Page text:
An apology from the Pope without actions means 'nothing': Manitoba residential school survivors
For some, even an apology for Catholic role in residential schools won't be enough
WARNING: This story contains distressing details.
As First Nations, Métis and Inuit delegates continue to meet with Pope Francis in Vatican City, some residential school survivors in Manitoba want to see much more than an apology from the Holy See.
A delegation from the Assembly of First Nations is the last Indigenous group from Canada to meet privately with the Pope this week before a final public audience on Friday.
The delegates' requests from the Pope include a formal apology, the release of residential school records and and a papal visit to Canada.
In Manitoba, people who have been touched by residential schools, day schools and other oppressive systems have been taking part this week in the We Will Survive conference, hosted by the Wa-Say Healing Centre.
"I suffered every indignity, especially in Brandon, and I saw every indignity being perpetrated upon my schoolmates," said Peter Yellow Quill, who attended residential schools in Brandon and Portage La Prairie for 11 years, and spent most summers in foster homes.
"It's one thing that I've carried all my life. I buried it deep. I buried it so deep, but it still comes up every once in a while."
His mother recently disclosed that she was also forced to attend, had suffered beatings and was burned with cigarettes.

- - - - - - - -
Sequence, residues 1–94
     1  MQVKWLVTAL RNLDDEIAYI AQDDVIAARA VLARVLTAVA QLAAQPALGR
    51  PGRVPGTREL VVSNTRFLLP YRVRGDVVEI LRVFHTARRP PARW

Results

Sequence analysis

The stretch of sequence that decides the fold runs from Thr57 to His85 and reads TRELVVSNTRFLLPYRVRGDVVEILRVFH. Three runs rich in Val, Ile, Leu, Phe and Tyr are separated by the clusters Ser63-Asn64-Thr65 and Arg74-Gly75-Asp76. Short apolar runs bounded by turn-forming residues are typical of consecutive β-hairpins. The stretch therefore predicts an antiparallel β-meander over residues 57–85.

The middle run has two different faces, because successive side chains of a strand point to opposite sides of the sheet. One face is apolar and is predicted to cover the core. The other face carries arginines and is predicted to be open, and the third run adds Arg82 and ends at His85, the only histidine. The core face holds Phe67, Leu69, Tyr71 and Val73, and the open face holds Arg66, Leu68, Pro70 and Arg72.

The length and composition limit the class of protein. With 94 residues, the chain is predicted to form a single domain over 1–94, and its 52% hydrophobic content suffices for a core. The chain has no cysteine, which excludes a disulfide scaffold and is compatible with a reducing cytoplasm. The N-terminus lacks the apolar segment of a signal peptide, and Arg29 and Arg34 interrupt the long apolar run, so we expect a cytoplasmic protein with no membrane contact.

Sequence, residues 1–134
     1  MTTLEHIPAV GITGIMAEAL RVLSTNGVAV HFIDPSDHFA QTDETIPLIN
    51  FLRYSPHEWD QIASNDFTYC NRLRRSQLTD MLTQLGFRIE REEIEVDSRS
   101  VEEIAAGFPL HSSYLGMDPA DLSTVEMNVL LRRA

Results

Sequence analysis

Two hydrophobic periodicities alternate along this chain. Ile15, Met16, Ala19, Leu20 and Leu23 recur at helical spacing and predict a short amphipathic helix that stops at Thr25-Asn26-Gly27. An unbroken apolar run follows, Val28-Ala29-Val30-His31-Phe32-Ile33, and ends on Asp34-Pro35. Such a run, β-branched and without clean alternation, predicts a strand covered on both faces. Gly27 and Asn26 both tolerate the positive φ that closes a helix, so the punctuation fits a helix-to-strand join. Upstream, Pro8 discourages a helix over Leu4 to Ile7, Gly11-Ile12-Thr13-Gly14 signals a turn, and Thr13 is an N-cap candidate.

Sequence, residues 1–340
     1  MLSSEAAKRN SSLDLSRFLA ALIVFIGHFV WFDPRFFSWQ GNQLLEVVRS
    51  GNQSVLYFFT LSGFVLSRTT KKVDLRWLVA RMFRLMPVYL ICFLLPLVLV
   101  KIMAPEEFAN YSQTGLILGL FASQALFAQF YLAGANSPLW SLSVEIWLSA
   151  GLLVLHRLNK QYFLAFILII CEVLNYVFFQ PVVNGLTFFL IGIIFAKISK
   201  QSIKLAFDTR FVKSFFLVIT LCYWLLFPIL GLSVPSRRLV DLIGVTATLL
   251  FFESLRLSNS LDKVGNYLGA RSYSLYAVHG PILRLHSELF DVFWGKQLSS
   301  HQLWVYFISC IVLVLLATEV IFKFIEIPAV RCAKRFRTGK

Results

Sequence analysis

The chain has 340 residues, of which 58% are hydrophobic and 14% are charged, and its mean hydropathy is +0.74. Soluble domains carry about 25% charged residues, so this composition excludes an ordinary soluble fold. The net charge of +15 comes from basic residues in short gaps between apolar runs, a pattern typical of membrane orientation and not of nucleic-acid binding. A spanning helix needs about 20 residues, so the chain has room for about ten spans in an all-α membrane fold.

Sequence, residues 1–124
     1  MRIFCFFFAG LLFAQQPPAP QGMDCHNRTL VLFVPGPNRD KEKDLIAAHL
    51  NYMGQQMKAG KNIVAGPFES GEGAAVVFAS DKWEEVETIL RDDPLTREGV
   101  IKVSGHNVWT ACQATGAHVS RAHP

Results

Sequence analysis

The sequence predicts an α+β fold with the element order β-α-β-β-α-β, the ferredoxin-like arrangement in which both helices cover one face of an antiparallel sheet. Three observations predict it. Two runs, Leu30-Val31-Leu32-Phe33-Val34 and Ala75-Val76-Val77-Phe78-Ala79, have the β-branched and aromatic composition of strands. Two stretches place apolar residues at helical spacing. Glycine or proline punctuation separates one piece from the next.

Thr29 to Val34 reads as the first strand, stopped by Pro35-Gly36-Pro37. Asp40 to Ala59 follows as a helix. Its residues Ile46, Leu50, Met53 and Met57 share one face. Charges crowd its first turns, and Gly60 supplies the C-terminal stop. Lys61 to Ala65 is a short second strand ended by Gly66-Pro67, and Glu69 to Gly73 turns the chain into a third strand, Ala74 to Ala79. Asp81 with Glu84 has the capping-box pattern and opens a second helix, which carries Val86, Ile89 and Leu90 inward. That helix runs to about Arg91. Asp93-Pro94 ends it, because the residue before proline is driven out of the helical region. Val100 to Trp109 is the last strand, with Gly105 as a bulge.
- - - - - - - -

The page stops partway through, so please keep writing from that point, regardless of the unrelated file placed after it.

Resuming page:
Delegates in Rome have been calling on the Pope to apologize for the Catholic Church's role in residential schools, but he has yet to offer one.
Yellow Quill says the Pope, as a Christian, should repent for the church's actions, and that implies actions beyond the words "I'm sorry."
"What good is an apology when you have to pull teeth or draw blood from a rock? Jesus Christ compels him and commands, and he should have apologized from the word go. They've known about this murder, this rape over these hundred years, and they said nothing," Yellow Quill said.
Without following up an apology with a visit to Canada, returning land and money and revoking the centuries-old papal decrees used to justify the seizure of Indigenous land, the words mean "nothing," Yellow Quill said.
Some are not ready to hear the apology.
Flora McKay, an elder from Pine Creek First Nation, lived through day schools.
"It's hard to talk about. It's too much. There was too much trauma, too much abuse," she said.
McKay says she will never support the church and an apology won't change the past. Even so, she adds, the Pope still should offer one, because she believes that's the least people who were traumatized from residential schools deserve.
Lori Mainville, a third-generation residential school survivor attending the We Will Survive conference with her daughter, Lindsay Whitehorse, and her husband, Michael Cress, says she feels kinship with people who have similar life experiences.
"As heavy as it was — moments that I really wanted to cry and and I had to pray on the spot and smudging and so on —I'm so honoured to be amongst relatives and people who have experienced similar things," she said.
That honour hasn't been shown to Indigenous people by the Catholic Church, Mainville says.
"It's a relationship of of respect, I think, that needs to be afforded to our people — you know, in that it's going to take time to heal — and I'm not too sure an apology will do it.
"It's a process. I'm not there, myself."
Support is available for anyone affected by their experience at residential schools or by the latest reports.
A national Indian Residential School Crisis Line has been set up to provide support for former students and those affected. People can access emotional and crisis referral services by calling the 24-hour national crisis line: 1-866-925-4419.
With files from Peggy Lam